In the end, survival is Britney Jean’s (and Britney’s) real theme. It’s an unusual move in contemporary pop. Today’s female stars flaunt dynamic, highly specialized musical personas: Lady Gaga brings avant-garde strangeness to the mainstream, Katy Perry projects uncomplicated all-American sunniness, Rihanna bridges the divide between pop, hip-hop and R&B and Miley Cyrus parades unchecked, unembarrassed sexuality. By comparison, Spears’s persona is that of the fighter, the been-there-done-that veteran. Her 2007 breakdown inadvertently ushered in this second stage of her career in which she shed the coquettish, compliant image of her early hits for a steelier sound and tarter tongue.
But from Blackout through Britney Jean, her best songs (Blackout’s “Gimme More” and “Piece of Me,” Britney Jean’s “Perfume”) have lightly touched on aspects of her personal life without opening much of a window into her world. “Perfume” paints a scenario in which Britney is obsessing that her boyfriend is still interested in his ex, driving her to confess, “I put on my perfume / Yeah, I want it all over you / I gotta mark my territory.” The possessiveness should be sexy—or at least kinky—but it’s not. There’s a blasé matter-of-factness to Spears that doesn’t leave room for vulnerability or libido. When she’s flirting with rapper T.I. on the pseudo-horny “Tik Tik Boom”, her come-ons ordering him to “Talk dirty to me, baby / Every time I want it” are neutered by her studio-treated vocals, turning her into a Real Doll. On the next track, the club banger “Body Ache,” she’s trying to dance away her relationship woes with some of the lamest pickup lines imaginable: “I know you feel my fire / Throw you into my flames / Tonight we take it higher / What I got ain’t no game.”
For as dazzlingly inventive as her music can be, tackling current pop trends and adding new dimensions to them, her lyrics have rarely been equally daring. That’s probably because her hitmakers have written her words for her, but on Britney Jean she’s credited as a co-writer on all 10 tracks—not that it makes much of a difference. When she rides the deceptively euphoric EDM groove of “Til It’s Gone”—which deals directly with heartbreak—she only can muster up clichés like “You never know what you got ‘til it’s gone.” In a way, this has always been her strategy: Embrace anonymous sentiments so forcefully that hopefully listeners will project their own specifics into the tunes, making the songs their own.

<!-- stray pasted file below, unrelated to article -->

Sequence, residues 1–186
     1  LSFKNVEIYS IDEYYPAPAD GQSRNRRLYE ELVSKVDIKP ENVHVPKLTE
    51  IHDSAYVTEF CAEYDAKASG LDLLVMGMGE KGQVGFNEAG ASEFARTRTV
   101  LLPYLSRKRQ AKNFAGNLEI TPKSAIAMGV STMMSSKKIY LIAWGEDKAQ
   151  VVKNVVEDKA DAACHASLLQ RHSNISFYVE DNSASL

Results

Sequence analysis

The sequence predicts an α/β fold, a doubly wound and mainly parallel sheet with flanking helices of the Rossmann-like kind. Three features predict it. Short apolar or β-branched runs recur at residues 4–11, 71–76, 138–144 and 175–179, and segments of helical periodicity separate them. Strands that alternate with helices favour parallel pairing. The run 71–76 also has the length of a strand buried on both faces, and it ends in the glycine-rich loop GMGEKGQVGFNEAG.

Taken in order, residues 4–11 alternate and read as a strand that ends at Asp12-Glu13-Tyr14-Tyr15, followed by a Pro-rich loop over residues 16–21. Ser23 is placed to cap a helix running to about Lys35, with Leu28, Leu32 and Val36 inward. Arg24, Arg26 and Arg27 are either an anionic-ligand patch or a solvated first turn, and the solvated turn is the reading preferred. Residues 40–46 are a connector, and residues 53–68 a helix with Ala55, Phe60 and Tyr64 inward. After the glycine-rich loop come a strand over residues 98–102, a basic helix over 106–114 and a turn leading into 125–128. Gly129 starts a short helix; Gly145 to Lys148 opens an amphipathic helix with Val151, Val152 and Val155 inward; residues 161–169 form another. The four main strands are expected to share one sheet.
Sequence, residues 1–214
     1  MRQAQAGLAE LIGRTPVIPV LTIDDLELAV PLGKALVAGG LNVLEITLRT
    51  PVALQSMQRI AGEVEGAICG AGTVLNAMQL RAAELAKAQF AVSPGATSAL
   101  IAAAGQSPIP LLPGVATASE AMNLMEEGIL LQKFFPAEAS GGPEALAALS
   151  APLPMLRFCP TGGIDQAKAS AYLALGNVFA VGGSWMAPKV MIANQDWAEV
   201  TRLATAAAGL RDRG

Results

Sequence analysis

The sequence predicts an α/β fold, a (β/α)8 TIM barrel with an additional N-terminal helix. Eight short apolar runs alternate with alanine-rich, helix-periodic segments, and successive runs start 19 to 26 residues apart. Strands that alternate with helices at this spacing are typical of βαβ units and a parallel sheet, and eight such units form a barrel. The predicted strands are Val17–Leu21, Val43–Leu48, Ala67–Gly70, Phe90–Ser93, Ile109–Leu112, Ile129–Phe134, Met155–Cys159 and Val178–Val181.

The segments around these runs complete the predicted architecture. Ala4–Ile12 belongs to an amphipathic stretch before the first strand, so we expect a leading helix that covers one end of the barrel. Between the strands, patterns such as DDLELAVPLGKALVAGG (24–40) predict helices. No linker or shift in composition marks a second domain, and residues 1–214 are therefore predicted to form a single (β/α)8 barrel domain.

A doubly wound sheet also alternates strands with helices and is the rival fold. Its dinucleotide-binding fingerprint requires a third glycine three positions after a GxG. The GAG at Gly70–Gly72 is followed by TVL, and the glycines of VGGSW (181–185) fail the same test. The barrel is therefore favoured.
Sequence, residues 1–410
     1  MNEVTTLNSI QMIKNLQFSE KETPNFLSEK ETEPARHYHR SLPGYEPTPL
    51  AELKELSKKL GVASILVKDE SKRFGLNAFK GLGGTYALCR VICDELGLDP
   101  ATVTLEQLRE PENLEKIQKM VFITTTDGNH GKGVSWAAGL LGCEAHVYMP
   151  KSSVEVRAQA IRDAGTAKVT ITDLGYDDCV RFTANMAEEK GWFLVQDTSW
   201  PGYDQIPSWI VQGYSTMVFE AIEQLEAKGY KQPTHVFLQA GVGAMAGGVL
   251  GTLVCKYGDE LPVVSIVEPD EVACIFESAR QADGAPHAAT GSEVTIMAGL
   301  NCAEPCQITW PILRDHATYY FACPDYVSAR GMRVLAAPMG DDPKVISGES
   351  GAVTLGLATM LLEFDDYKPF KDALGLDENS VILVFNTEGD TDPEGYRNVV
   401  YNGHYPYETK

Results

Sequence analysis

But the lack of fire suggests an artist who doesn’t look at music as therapy—or even a release (no matter what Spears says otherwise). Her songs and her videos are sometimes perceived as being provocative, but true intimacy—between lovers or between a singer and her audience—doesn’t happen without openness, trust and connection. Those are things Spears can’t, or won’t, bring to her music.
And it’s why she’ll never be the equal of one of her idols—Madonna. (“I would really, really, really like to be a legend like Madonna,” she once said. “Madonna knows what to do next, and when she’s performing, the audience is just in awe of her.”) It was her onstage kiss with Madonna at the 2003 MTV Video Music Awards that established her as a possible heir to Madge’s throne. But when Madonna was about the age Spears is now, she put out Like a Prayer, a risky, exhilarating album that found her grappling with issues including her contentious relationship with her father (“Oh Father”), her failed marriage to Sean Penn (“Till Death Do Us Part”), female empowerment (“Express Yourself”) and the intersection of religious faith and sexual ecstasy (“Like a Prayer”).
Intelligent and arousing, Like a Prayer was the best kind of “personal album,” a top-flight artist merging pop instincts with individual obsessions. Britney Jean bears Spears’s name but not much of her soul. No wonder that she’s never more impassioned on the album than when she’s advising her fans that if they want the mansion and the jet-setting parties like she enjoys that they better “Work Bitch.” “I am the bad bitch,” she taunts. “The bitch that you’ll never know.” And that’s a shame.
Tim Grierson is Playboy for iPhone’s critic-at-large. His new biography of Wilco, Sunken Treasure, is available now on Amazon. You can follow him on Twitter.